Your expectations concerning the recording and releasing records would have changed as the business changed?
Probably, yeah. Definitely. I mean, my first record was a folk record at the height of grunge—when it sold three copies, it figured. I certainly didn’t think it’d have the record sales that I’ve had over my career. I thought I’d be kind of like an underground artists. I love John Prine, Tom Waits, and I was a songwriter fan. I thought that’s the kind of record I’d made. I thought I’d tour and make a living. The more people that told me I wouldn’t make it, the more stubborn I got.
Was there any preparing you for what eventually happened?
No. Coming from Alaska, I was not one of those kids that looked in the mirror and thought I’d be famous. I never practiced my signature, you know [laughs]? It wasn’t anything that was on my radar.
What do you think, at this point in your career is making you happiest?
Balance, I guess. You know, the same things that always made me happy still do. I’m pretty simple. I was raised a certain way, on a ranch, and that tends to be the lifestyle that I enjoy. I’ve never been one for really fancy things. The things that thrill me are that I can afford medication, go to the movies whenever I want, get on a plane whenever I want. It just thrills me, you know. I really love writing. I really get a kick out of it—I can’t believe that I get a chance to do it.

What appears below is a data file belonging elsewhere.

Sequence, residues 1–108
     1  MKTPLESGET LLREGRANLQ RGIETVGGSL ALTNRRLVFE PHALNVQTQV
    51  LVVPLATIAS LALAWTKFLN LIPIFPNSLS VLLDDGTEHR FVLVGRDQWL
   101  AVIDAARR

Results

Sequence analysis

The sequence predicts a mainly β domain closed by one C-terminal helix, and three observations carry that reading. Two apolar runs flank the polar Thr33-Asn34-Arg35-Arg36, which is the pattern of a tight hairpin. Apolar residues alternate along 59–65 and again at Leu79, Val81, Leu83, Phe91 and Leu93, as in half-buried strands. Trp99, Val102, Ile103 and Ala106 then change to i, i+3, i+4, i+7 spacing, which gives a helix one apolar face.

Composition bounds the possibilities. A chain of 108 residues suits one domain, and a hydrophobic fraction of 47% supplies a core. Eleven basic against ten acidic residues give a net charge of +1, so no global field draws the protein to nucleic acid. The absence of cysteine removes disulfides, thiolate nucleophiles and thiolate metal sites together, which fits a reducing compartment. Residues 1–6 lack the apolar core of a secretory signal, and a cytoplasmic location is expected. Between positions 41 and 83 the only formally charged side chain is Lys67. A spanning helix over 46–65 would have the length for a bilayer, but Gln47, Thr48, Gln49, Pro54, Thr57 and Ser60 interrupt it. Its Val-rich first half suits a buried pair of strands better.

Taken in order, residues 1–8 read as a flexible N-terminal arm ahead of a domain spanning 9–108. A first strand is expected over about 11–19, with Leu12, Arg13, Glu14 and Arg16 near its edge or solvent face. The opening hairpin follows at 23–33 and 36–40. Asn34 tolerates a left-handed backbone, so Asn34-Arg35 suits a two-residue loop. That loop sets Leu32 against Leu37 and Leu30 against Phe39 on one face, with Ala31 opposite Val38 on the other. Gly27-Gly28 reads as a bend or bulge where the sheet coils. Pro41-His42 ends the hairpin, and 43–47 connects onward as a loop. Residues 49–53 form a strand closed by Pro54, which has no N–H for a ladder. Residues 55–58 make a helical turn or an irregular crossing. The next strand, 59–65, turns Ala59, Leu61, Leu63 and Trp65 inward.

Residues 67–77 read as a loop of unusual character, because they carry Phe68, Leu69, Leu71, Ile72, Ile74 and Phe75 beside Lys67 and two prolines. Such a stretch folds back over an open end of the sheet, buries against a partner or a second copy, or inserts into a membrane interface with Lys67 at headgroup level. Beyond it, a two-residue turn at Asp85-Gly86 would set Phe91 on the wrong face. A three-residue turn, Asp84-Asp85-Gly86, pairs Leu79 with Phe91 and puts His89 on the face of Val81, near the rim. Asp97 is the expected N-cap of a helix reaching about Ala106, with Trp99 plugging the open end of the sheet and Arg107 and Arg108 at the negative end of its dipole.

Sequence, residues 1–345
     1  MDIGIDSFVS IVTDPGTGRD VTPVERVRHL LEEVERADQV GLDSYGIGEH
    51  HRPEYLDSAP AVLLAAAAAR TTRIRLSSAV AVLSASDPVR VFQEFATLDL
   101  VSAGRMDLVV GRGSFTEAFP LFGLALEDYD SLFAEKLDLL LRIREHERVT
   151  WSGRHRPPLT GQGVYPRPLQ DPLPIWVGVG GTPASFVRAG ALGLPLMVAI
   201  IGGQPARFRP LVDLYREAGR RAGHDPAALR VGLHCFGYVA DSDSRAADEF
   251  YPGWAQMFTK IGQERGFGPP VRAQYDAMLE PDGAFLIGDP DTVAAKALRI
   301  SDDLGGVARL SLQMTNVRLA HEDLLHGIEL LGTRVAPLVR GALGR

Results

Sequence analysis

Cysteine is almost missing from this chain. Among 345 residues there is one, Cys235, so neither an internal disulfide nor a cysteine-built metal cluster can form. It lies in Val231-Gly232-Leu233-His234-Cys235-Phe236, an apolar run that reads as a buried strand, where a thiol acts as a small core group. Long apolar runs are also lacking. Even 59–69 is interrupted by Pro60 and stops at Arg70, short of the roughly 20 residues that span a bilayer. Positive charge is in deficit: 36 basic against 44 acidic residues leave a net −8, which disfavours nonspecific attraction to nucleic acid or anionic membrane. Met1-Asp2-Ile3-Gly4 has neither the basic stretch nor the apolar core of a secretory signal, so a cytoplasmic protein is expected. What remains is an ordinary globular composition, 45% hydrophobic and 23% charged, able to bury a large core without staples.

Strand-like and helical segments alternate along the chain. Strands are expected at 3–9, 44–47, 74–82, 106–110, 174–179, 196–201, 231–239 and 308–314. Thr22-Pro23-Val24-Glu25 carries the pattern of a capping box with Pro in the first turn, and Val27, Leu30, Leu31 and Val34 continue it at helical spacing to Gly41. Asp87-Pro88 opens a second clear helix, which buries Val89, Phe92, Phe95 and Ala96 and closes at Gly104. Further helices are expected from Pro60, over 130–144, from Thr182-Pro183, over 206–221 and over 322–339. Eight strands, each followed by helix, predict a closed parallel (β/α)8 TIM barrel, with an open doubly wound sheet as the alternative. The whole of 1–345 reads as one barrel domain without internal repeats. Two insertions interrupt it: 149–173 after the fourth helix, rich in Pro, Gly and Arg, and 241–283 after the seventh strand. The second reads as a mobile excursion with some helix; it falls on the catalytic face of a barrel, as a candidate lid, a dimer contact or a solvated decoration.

When did you begin to understand the power of writing and reading in your development?
When I was six, probably. I know when the first analogy ... I remember hearing a poem as a kid, and they had compared, I can’t even remember what it was, but it was the first time I knew that you could do that, you know, comparing—gosh, I can’t even remember what it was. But it made me start writing and I tried to do the same thing. I compared a lamp to a cloud, and that to me was just like—I had finally been able to imitate this poet perfectly [laughs]. But for some reason, the idea of metaphor and analogy and synonym—I don’t know why but it really turns me on. I guess I was a boring little kid. As I began to read more, I got into the classics. I found the power of thought to be really empowering. You know, I read The Symposium and Pascal, and the idea that you could achieve immortality through love, and you know, I was pretty drunk on the idea of the dialectic reading—pure reason leads to pure thought. I got really turned on to poetry after that—Neruda. I don’t know, reading just always really turns me on. I just promised I would always try and tell the truth when I wrote. I always admired Bukowski and Anais Nin. I figured that’s sort of the road that I would take out of all the other roads.
So, there’s no reservation looking back at your old records, because it’s all development, all immediately relevant because it relates so directly to you who you are now?
With this record, there’s a song called “Satellite” that I wrote when I was 19, there’s song called “10,000 Miles Away” that I wrote when I was 17, probably. And there’re some songs I wrote just for the record, specifically, while I was in the studio. So, it really covers the gamut. But I’ve always been that way. I’ve always included, on every record, some of my earliest material because it has something special in a way. Just a rawness. You know what’s funny, I mean, you’re a writer, I’m sure. There are things that are of value when you’re young and you don’t know what you’re doing. You have all balls and no craft [laughs]. That’s a bit crass, but ... When you grow you sometimes lose the emotional rawness as you gain craft. And that’s not always good; it can be very boring. To be technically perfect is very uninteresting. The trick, I think, is to learn how to combine the two; keep the emotional rawness and accessibility and somehow combine with craft and keep learning and growing.